AI results promising, but not yet ready for prime time

In the future, automated optical coherence tomography (OCT) measurements of central macular fluid volume (CMFV) may give clinicians more accuracy in diagnosing diabetic macular edema (DME), the predominant cause of visual impairment in patients with diabetes, according to a study published in JAMA Ophthalmology. But, until OCT and OCT angiography (OCTA) become more economical, these results hold only promise, rather than wide-spread applicability.

“In recent years, optical coherence tomography (OCT) has supplanted stereoscopic fundus photography and fundus biomicroscopy for the diagnosis of DME. Optical coherence tomography detects key, clinically relevant features in DME, including macular thickening and intraretinal and subretinal fluid. Optical coherence tomography has the potential to improve DME screening, as reported previously,” wrote Qi Sheng You, MD, PhD, of the Casey Eye Institute, Oregon Health & Science University, Portland, and fellow researchers.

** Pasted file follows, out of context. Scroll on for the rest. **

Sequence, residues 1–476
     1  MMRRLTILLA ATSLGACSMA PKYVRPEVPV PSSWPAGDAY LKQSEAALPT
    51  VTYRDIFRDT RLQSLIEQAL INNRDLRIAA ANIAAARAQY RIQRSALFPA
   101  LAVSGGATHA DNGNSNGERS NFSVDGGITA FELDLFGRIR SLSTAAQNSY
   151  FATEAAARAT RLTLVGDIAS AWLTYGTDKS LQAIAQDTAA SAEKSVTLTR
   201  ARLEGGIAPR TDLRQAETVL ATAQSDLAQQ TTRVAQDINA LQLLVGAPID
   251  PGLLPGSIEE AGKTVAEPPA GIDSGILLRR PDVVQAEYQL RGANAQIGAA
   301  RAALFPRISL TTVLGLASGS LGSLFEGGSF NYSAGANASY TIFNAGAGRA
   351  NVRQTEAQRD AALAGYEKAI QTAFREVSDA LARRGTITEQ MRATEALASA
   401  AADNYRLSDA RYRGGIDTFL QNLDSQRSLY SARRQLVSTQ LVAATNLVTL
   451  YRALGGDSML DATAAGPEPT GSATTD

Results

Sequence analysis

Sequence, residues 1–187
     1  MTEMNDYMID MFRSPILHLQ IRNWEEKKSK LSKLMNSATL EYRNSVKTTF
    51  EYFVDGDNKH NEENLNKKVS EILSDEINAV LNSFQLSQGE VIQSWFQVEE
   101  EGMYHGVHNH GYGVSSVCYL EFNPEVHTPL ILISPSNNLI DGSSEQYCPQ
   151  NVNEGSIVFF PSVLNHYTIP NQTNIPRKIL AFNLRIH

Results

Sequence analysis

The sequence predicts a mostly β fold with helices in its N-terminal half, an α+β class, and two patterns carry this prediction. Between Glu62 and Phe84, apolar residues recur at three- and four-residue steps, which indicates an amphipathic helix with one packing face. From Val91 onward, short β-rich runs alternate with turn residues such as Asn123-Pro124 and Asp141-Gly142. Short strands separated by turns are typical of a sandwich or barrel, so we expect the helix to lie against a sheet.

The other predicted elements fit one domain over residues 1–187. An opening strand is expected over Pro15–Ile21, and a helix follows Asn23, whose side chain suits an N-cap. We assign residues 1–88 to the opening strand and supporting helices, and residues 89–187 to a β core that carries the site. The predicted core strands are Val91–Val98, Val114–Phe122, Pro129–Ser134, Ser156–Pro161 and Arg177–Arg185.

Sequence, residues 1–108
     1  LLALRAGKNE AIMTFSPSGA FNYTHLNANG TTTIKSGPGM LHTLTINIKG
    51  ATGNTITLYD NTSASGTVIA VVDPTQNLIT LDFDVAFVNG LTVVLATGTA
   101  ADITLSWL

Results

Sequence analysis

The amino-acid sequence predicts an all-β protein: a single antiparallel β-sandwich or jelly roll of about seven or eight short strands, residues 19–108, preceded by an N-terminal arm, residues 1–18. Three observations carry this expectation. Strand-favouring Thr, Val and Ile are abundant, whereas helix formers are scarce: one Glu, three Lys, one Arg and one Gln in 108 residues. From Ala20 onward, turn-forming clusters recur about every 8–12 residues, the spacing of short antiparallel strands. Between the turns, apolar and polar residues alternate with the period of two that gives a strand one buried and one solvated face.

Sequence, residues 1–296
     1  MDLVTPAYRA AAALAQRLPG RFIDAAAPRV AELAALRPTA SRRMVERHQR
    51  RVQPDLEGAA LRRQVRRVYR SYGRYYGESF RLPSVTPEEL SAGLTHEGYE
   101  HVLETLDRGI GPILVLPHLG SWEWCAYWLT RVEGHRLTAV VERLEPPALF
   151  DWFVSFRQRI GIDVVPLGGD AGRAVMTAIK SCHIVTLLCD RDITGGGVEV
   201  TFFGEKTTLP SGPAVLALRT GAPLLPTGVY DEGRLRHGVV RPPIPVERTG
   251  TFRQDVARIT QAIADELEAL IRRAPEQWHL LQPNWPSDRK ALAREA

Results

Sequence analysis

For their cross-sectional, observational study, You and colleagues included one eye each from 215 patients (mean age: 59.6 years; 54.4% women) enrolled in two studies being conducted at the Casey Eye Institute. Patients were aged 18 to 85 years and had either type 1 diabetes for more than five years or type 2 diabetes for any length of time.

All patients underwent comprehensive medical exams, 6 x 6-mm macular structural OCT horizontal raster scans (which also measured mean central subfield thickness [CST] within the central fovea), and 6 x 6-mm macular OCT angiography volumetric scans. The latter were reviewed by two retinal specialists, who diagnosed DME in patients with evidence of intraretinal or subretinal fluid. Any discrepancies were arbitrated by a third retinal specialist. For patients with fluid within the 1-mm central fovea, DME was logged as center involved.

You and fellow researchers then used a deep learning algorithm to automatically quantify fluid volumes from the 6 x 6-mm angiography volumetric scans and within the central foveas (CMFV).